For years, CIOs have watched iPhones force their way onto corporate networks. Now IDC reports that iPhone shipments will surpass BlackBerry shipments in the enterprise this year, noting that companies are buying iPhones "in droves."
The report states: "By the end of 2012, Apple iOS will be the number one corporate-liable operating system device by volumes shipped. It is expected to hold onto this position throughout 2016."
Corporate-liable iPhone shipments will reach 68.9 million by 2016, IDC says. Research in Motion led the category last year with 22.4 million corporate-liable BlackBerry shipments.
IDC's findings track the iPhone's incredible rise in the enterprise, both company-owned phones and employee-owned phones. With the latter, the iPhone has been displacing BlackBerry phones via "Bring Your Own Device" policies, rogue behavior and other channels.
Losing the pole position in the enterprise would be a major blow for RIM. BlackBerry phones had ushered in the smartphone era and have long held sway among CIOs. But that all began to change with the arrival of the iPhone-and the CEO's affinity for it-a little less than six years ago.
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It's unclear whether or not IDC's research takes into account the number of corporate-issued BlackBerry phones not being used. Some companies continue to issue BlackBerry phones to employees because they're unwilling to commit to a formal change. Yet lots of employees end up using their personal iPhones for work without IT's knowledge, while the corporate-issued BlackBerry sits in a drawer collecting dust.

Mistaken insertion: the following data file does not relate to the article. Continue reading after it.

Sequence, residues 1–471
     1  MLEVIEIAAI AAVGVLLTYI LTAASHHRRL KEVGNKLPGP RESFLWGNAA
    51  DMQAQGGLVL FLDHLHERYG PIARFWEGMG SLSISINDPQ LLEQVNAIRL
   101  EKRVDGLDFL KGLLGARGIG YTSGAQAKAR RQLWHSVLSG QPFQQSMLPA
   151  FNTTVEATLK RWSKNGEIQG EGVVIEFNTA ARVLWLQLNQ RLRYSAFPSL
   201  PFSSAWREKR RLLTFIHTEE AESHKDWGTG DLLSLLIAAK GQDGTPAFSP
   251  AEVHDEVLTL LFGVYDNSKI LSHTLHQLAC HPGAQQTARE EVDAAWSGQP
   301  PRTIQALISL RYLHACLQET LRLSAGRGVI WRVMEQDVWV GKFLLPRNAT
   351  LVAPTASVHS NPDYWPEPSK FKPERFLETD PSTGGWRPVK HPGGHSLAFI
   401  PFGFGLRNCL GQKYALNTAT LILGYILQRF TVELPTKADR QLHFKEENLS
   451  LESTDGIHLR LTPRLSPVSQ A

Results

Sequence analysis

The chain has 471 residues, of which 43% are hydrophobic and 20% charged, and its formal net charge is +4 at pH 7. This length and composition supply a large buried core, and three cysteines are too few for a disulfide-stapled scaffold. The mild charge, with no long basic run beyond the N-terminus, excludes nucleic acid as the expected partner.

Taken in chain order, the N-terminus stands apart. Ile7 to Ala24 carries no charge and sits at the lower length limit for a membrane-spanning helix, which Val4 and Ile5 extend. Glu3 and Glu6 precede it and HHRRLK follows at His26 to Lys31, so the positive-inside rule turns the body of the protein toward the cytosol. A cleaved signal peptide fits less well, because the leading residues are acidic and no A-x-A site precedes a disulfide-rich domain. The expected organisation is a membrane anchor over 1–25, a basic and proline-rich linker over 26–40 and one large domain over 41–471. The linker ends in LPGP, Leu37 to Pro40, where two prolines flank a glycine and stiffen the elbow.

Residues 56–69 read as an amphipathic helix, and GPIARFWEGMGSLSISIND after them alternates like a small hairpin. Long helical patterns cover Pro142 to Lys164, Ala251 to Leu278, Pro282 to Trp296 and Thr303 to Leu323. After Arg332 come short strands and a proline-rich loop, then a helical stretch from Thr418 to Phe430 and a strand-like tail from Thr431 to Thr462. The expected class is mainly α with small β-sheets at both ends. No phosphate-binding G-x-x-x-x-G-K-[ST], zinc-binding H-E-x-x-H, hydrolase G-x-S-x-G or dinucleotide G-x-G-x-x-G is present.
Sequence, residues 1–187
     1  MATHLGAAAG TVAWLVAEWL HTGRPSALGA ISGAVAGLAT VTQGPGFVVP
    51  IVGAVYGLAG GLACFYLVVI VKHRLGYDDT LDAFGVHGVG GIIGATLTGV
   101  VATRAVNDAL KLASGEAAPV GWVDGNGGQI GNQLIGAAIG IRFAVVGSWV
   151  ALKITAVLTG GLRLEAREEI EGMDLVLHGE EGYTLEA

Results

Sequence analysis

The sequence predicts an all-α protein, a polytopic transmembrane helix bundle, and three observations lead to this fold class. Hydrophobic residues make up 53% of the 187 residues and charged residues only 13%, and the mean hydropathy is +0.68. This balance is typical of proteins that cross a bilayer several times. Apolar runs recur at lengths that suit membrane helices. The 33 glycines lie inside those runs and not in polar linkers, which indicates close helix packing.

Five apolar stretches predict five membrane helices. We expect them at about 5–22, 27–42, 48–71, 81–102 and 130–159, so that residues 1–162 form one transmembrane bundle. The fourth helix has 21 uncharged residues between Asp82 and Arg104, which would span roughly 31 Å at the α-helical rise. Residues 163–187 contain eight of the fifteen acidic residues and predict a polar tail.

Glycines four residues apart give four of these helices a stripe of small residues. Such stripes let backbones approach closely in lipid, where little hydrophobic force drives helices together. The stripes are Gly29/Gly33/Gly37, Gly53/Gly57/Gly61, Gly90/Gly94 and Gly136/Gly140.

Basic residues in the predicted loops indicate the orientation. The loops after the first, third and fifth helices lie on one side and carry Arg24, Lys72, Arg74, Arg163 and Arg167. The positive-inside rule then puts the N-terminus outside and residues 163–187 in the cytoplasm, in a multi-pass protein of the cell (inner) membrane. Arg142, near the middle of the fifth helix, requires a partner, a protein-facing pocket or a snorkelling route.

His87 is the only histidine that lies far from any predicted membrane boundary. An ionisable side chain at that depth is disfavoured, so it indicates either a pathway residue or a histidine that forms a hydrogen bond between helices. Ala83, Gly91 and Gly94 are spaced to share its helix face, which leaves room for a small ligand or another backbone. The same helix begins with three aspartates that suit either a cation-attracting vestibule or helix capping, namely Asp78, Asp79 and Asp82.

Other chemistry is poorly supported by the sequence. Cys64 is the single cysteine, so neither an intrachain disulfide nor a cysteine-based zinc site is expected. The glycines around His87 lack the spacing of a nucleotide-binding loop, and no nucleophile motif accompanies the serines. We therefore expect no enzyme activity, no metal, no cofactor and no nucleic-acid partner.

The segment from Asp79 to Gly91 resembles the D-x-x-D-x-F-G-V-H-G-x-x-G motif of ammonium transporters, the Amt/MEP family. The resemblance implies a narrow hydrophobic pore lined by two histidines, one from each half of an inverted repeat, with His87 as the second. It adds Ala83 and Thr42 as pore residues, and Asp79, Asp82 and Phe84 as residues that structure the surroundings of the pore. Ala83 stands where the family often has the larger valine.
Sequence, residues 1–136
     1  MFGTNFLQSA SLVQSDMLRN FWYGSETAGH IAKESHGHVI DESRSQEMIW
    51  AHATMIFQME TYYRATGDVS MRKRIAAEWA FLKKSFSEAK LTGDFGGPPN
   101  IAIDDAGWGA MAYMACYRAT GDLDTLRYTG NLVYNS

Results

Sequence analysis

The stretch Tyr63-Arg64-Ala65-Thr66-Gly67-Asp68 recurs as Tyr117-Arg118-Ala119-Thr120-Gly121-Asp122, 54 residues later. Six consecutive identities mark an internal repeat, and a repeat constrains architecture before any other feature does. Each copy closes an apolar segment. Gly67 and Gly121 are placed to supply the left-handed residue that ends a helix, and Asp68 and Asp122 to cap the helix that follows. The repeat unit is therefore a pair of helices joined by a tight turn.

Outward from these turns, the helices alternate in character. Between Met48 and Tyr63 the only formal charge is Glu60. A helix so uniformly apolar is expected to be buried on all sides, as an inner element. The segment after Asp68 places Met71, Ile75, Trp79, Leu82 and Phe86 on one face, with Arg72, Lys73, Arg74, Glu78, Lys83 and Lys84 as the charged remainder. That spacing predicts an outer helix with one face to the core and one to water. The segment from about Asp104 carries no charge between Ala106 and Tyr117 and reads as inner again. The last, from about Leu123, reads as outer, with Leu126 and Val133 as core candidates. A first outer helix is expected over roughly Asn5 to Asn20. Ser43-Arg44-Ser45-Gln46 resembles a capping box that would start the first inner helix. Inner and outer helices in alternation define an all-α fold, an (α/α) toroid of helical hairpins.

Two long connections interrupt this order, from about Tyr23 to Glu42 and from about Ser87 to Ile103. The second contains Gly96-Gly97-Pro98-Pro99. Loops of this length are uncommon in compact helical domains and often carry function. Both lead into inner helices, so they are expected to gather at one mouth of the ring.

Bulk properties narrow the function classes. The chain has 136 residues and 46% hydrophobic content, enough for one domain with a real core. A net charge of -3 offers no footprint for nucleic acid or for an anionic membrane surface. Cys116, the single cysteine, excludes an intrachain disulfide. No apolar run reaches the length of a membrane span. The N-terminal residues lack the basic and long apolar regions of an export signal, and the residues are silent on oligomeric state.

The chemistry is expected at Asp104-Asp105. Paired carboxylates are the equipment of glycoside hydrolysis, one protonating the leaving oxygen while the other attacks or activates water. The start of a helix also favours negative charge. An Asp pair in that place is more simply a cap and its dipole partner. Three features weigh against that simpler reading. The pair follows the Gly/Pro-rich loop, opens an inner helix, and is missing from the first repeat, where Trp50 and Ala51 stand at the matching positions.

The recent BYOD trend hasn't helped the venerable BlackBerry, either. CIOs are empowering employees to make their own decisions about technology through BYOD policies. Opening up their wallets, employees are choosing more consumer friendly iPhones and especially Android phones over the BlackBerry.
As BYOD gains steam, iPhones and Android phones will further displace BlackBerries in the enterprise. Some companies are hog-tied to BlackBerries via carrier contracts. When these contract come up for renewal, CIOs may look to a more iPhone-friendly option.
Case-in-point: When a sweeping wireless carrier contract came up for renewal last summer, tech distributor Ingram Micro chose to end the contract and turn its optional BYOD smartphone into a mandate. VMware also enacted a BYOD smartphone mandate that is similar to Ingram Micro's.
In both cases, BlackBerries were displaced in favor of iPhones.
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